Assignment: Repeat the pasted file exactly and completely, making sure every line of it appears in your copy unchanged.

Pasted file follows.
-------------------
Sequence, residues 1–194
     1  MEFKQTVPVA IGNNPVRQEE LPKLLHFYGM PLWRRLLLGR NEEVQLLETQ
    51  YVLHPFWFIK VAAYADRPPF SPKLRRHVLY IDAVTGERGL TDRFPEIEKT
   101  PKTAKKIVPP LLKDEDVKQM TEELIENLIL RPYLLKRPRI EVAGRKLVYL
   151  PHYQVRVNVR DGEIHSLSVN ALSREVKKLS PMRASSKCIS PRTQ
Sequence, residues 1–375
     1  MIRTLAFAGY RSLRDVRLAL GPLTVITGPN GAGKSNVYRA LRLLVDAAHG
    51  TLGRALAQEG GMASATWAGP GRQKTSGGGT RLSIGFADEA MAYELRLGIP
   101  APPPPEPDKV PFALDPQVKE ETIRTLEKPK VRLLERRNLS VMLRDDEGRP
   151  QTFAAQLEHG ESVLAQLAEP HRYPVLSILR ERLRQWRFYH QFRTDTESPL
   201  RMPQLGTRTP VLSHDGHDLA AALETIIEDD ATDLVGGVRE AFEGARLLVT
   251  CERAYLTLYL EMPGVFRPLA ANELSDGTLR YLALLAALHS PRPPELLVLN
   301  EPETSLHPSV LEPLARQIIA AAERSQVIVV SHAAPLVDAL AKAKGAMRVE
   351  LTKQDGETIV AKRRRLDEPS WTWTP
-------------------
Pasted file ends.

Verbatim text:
Sequence, residues 1–194
     1  MEFKQTVPVA IGNNPVRQEE LPKLLHFYGM PLWRRLLLGR NEEVQLLETQ
    51  YVLHPFWFIK VAAYADRPPF SPKLRRHVLY IDAVTGERGL TDRFPEIEKT
   101  PKTAKKIVPP LLKDEDVKQM TEELIENLIL RPYLLKRPRI EVAGRKLVYL
   151  PHYQVRVNVR DGEIHSLSVN ALSREVKKLS PMRASSKCIS PRTQ
Sequence, residues 1–375
     1  MIRTLAFAGY RSLRDVRLAL GPLTVITGPN GAGKSNVYRA LRLLVDAAHG
    51  TLGRALAQEG GMASATWAGP GRQKTSGGGT RLSIGFADEA MAYELRLGIP
   101  APPPPEPDKV PFALDPQVKE ETIRTLEKPK VRLLERRNLS VMLRDDEGRP
   151  QTFAAQLEHG ESVLAQLAEP HRYPVLSILR ERLRQWRFYH QFRTDTESPL
   201  RMPQLGTRTP VLSHDGHDLA AALETIIEDD ATDLVGGVRE AFEGARLLVT
   251  CERAYLTLYL EMPGVFRPLA ANELSDGTLR YLALLAALHS PRPPELLVLN
   301  EPETSLHPSV LEPLARQIIA AAERSQVIVV SHAAPLVDAL AKAKGAMRVE
   351  LTKQDGETIV AKRRRLDEPS WTWTP